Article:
Greatest Common Divisor In mathematics , the GREATEST COMMON DIVISOR (GCD) of two or more integers , which are not all zero, is the largest positive integer that divides each of the integers. For example, the gcd of 8 and 12 is 4. The greatest common divisor is also known as the GREATEST COMMON FACTOR (GCF), HIGHEST COMMON FACTOR (HCF), GREATEST COMMON MEASURE (GCM), or HIGHEST COMMON DIVISOR. This notion can be extended to polynomials (see Polynomial greatest common divisor ) and other commutative rings (see below ) [...More...]  "Greatest Common Divisor" on: Wikipedia Yahoo 

Group Order In group theory , a branch of mathematics , the term order is used in two unrelated senses: * The ORDER of a group is its cardinality , i.e., the number of elements in its set . Also, the ORDER, sometimes PERIOD, of an element a of a group is the smallest positive integer m such that am = e (where e denotes the identity element of the group, and am denotes the product of m copies of a). If no such m exists, a is said to have infinite order. * The ordering relation of a partially or totally ordered group .This article is about the first sense of order. The order of a group G is denoted by ord(G) or G and the order of an element a is denoted by ord(a) or a. CONTENTS * 1 Example * 2 Order and structure * 3 Counting by order of elements * 4 In relation to homomorphisms * 5 Class equation * 6 Open questions * 7 See also * 8 References EXAMPLEEXAMPLE. The symmetric group S3 has the following multiplication table [...More...]  "Group Order" on: Wikipedia Yahoo 

Affine Dynkin Diagram In the mathematical field of Lie theory , a DYNKIN DIAGRAM, named for Eugene Dynkin Eugene Dynkin , is a type of graph with some edges doubled or tripled (drawn as a double or triple line). The multiple edges are, within certain constraints, directed . The main interest in Dynkin diagrams are as a means to classify semisimple Lie algebras over algebraically closed fields . This gives rise to Weyl groups , i.e. to many (although not all) finite reflection groups . Dynkin diagrams may also arise in other contexts. The term "Dynkin diagram" can be ambiguous [...More...]  "Affine Dynkin Diagram" on: Wikipedia Yahoo 

G2 (mathematics) In mathematics , G2 is the name of three simple Lie groups (a complex form, a compact real form and a split real form), their Lie algebras g 2 {displaystyle {mathfrak {g}}_{2}} , as well as some algebraic groups . They are the smallest of the five exceptional simple Lie groups . G2 has rank 2 and dimension 14. It has two fundamental representations , with dimension 7 and 14. The compact form of G2 can be described as the automorphism group of the octonion algebra or, equivalently, as the subgroup of SO(7) that preserves any chosen particular vector in its 8dimensional real spinor representation [...More...]  "G2 (mathematics)" on: Wikipedia Yahoo 

Rectangle In Euclidean plane geometry , a RECTANGLE is a quadrilateral with four right angles . It can also be defined as an equiangular quadrilateral, since equiangular means that all of its angles are equal (360°/4 = 90°). It can also be defined as a parallelogram containing a right angle. A rectangle with four sides of equal length is a square . The term OBLONG is occasionally used to refer to a nonsquare rectangle. A rectangle with vertices ABCD would be denoted as ABCD. The word rectangle comes from the Latin Latin rectangulus, which is a combination of rectus (as an adjective, right, proper) and angulus (angle ). A CROSSED RECTANGLE is a crossed (selfintersecting) quadrilateral which consists of two opposite sides of a rectangle along with the two diagonals. It is a special case of an antiparallelogram , and its angles are not right angles [...More...]  "Rectangle" on: Wikipedia Yahoo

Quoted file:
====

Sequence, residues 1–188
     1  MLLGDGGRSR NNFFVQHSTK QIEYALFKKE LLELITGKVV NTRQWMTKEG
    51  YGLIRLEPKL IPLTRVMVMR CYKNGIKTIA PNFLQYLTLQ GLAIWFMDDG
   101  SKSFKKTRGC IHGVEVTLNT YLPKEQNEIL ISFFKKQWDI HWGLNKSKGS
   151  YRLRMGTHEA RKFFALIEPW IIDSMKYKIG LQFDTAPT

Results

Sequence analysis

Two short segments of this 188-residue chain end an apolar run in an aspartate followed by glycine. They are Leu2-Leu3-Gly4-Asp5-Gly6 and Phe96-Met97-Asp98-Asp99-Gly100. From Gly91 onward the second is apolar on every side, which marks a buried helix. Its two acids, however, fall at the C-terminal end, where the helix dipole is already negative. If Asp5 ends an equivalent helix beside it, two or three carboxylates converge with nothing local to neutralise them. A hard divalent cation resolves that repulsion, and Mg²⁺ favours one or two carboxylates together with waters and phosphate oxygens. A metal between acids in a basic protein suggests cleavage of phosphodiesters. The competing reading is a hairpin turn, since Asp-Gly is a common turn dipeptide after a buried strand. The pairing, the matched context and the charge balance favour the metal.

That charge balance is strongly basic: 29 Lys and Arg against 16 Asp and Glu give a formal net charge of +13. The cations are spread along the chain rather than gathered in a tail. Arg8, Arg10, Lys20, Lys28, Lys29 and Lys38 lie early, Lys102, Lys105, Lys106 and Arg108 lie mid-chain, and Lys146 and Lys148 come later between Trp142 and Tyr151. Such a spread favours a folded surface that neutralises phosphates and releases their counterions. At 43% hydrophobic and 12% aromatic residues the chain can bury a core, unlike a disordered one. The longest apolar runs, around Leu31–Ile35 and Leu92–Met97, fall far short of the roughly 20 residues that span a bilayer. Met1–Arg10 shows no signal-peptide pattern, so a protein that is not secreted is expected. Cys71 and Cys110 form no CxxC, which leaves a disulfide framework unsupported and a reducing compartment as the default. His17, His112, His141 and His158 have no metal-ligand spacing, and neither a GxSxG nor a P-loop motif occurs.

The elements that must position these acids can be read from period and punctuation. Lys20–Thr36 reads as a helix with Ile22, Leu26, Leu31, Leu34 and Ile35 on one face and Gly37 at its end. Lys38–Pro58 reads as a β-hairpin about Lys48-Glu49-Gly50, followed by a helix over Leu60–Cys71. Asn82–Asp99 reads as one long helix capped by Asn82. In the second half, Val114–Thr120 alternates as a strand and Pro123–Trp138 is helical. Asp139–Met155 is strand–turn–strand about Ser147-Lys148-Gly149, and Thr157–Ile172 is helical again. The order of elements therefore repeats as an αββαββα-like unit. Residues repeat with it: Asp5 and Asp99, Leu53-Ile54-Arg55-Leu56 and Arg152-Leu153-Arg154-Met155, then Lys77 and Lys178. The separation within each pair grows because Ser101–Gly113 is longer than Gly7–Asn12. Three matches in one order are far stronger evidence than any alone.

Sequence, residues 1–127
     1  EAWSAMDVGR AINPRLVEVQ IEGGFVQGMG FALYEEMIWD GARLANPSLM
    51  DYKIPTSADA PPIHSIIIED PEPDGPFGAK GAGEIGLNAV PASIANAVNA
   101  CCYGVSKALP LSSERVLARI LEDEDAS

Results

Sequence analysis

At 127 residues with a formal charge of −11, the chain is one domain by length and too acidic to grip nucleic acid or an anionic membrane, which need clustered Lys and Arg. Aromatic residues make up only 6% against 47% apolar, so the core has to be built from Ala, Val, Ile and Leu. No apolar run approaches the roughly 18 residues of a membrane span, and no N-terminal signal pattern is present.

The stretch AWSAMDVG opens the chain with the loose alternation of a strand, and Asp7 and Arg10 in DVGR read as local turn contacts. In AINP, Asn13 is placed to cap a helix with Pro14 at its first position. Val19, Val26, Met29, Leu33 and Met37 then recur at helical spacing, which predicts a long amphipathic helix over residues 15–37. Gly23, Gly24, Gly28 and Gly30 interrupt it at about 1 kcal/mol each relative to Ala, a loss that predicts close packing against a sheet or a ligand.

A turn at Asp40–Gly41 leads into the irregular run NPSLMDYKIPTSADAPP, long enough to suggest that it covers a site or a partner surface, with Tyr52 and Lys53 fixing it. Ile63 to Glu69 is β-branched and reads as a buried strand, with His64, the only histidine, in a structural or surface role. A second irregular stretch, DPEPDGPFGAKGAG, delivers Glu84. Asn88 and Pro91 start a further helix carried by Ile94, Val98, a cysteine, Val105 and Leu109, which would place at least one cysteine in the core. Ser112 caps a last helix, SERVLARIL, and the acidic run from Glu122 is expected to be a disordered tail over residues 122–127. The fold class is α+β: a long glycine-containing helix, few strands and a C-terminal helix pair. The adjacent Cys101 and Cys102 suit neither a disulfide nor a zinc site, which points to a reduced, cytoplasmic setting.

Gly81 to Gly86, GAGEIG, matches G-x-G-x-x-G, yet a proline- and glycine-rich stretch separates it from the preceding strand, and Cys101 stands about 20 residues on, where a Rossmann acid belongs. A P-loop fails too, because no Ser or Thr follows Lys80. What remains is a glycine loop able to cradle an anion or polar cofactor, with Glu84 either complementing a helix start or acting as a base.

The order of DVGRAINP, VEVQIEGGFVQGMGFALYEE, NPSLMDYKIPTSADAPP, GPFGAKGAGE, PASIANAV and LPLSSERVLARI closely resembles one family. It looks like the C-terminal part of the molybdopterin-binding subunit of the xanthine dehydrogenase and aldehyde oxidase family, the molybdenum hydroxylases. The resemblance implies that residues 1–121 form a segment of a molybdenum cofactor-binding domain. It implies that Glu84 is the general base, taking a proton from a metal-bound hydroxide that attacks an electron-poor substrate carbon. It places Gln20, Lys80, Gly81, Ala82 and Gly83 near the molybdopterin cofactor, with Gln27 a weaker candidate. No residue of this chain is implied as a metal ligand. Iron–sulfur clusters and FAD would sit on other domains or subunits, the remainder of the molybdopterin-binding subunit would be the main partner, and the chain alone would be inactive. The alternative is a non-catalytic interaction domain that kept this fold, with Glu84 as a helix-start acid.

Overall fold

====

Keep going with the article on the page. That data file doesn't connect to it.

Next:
Perpendicular In elementary geometry , the property of being PERPENDICULAR (PERPENDICULARITY) is the relationship between two lines which meet at a right angle (90 degrees ). The property extends to other related geometric objects . A line is said to be perpendicular to another line if the two lines intersect at a right angle. Explicitly, a first line is perpendicular to a second line if (1) the two lines meet; and (2) at the point of intersection the straight angle on one side of the first line is cut by the second line into two congruent angles . Perpendicularity can be shown to be symmetric , meaning if a first line is perpendicular to a second line, then the second line is also perpendicular to the first. For this reason, we may speak of two lines as being perpendicular (to each other) without specifying an order. Perpendicularity easily extends to segments and rays [...More...]  "Perpendicular" on: Wikipedia Yahoo 

Square (geometry) In geometry , a SQUARE is a regular quadrilateral , which means that it has four equal sides and four equal angles (90degree angles, or right angles ). It can also be defined as a rectangle in which two adjacent sides have equal length. A square with vertices ABCD would be denoted {displaystyle square } ABCD [...More...]  "Square (geometry)" on: Wikipedia Yahoo 

Polygon In elementary geometry , a POLYGON (/ˈpɒlɪɡɒn/ ) is a plane figure that is bounded by a finite chain of straight line segments closing in a loop to form a closed polygonal chain or circuit. These segments are called its edges or sides, and the points where two edges meet are the polygon's vertices (singular: vertex) or corners. The interior of the polygon is sometimes called its body. An NGON is a polygon with n sides; for example, a triangle is a 3gon. A polygon is a 2dimensional example of the more general polytope in any number of dimensions. The basic geometrical notion of a polygon has been adapted in various ways to suit particular purposes. Mathematicians are often concerned only with the bounding closed polygonal chain and with simple polygons which do not selfintersect, and they often define a polygon accordingly. A polygonal boundary may be allowed to intersect itself, creating star polygons and other selfintersecting polygons [...More...]  "Polygon" on: Wikipedia Yahoo